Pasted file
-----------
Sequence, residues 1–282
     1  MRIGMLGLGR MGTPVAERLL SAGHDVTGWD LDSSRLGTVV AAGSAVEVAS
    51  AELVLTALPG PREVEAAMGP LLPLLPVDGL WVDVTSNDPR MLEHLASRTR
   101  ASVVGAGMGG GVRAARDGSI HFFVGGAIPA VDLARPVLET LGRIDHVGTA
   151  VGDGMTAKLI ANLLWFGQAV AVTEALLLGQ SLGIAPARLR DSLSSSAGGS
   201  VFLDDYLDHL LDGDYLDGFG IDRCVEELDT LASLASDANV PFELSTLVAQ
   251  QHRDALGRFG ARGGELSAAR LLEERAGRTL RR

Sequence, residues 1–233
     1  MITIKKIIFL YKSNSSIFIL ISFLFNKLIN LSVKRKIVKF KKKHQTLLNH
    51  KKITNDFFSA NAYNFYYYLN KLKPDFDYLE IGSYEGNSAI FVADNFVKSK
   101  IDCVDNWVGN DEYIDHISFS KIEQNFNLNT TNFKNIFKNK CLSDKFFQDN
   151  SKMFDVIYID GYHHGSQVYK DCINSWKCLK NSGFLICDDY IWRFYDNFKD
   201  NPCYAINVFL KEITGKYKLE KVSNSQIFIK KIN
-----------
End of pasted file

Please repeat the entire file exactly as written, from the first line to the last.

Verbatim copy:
Sequence, residues 1–282
     1  MRIGMLGLGR MGTPVAERLL SAGHDVTGWD LDSSRLGTVV AAGSAVEVAS
    51  AELVLTALPG PREVEAAMGP LLPLLPVDGL WVDVTSNDPR MLEHLASRTR
   101  ASVVGAGMGG GVRAARDGSI HFFVGGAIPA VDLARPVLET LGRIDHVGTA
   151  VGDGMTAKLI ANLLWFGQAV AVTEALLLGQ SLGIAPARLR DSLSSSAGGS
   201  VFLDDYLDHL LDGDYLDGFG IDRCVEELDT LASLASDANV PFELSTLVAQ
   251  QHRDALGRFG ARGGELSAAR LLEERAGRTL RR

Sequence, residues 1–233
     1  MITIKKIIFL YKSNSSIFIL ISFLFNKLIN LSVKRKIVKF KKKHQTLLNH
    51  KKITNDFFSA NAYNFYYYLN KLKPDFDYLE IGSYEGNSAI FVADNFVKSK
   101  IDCVDNWVGN DEYIDHISFS KIEQNFNLNT TNFKNIFKNK CLSDKFFQDN
   151  SKMFDVIYID GYHHGSQVYK DCINSWKCLK NSGFLICDDY IWRFYDNFKD
   201  NPCYAINVFL KEITGKYKLE KVSNSQIFIK KIN